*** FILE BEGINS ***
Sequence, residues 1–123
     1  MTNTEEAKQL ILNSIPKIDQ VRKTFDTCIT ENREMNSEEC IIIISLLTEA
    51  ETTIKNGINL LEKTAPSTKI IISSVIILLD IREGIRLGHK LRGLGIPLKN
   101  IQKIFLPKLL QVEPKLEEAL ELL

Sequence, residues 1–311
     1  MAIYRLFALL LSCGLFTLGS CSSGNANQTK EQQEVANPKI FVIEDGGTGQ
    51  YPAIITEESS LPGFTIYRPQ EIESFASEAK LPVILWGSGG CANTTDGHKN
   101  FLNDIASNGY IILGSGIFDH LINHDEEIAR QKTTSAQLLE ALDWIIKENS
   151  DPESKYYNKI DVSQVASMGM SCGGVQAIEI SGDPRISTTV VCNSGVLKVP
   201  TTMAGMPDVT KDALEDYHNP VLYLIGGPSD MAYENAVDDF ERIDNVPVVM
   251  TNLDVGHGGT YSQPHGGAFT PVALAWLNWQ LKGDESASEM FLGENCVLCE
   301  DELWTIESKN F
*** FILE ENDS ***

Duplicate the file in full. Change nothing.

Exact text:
Sequence, residues 1–123
     1  MTNTEEAKQL ILNSIPKIDQ VRKTFDTCIT ENREMNSEEC IIIISLLTEA
    51  ETTIKNGINL LEKTAPSTKI IISSVIILLD IREGIRLGHK LRGLGIPLKN
   101  IQKIFLPKLL QVEPKLEEAL ELL

Sequence, residues 1–311
     1  MAIYRLFALL LSCGLFTLGS CSSGNANQTK EQQEVANPKI FVIEDGGTGQ
    51  YPAIITEESS LPGFTIYRPQ EIESFASEAK LPVILWGSGG CANTTDGHKN
   101  FLNDIASNGY IILGSGIFDH LINHDEEIAR QKTTSAQLLE ALDWIIKENS
   151  DPESKYYNKI DVSQVASMGM SCGGVQAIEI SGDPRISTTV VCNSGVLKVP
   201  TTMAGMPDVT KDALEDYHNP VLYLIGGPSD MAYENAVDDF ERIDNVPVVM
   251  TNLDVGHGGT YSQPHGGAFT PVALAWLNWQ LKGDESASEM FLGENCVLCE
   301  DELWTIESKN F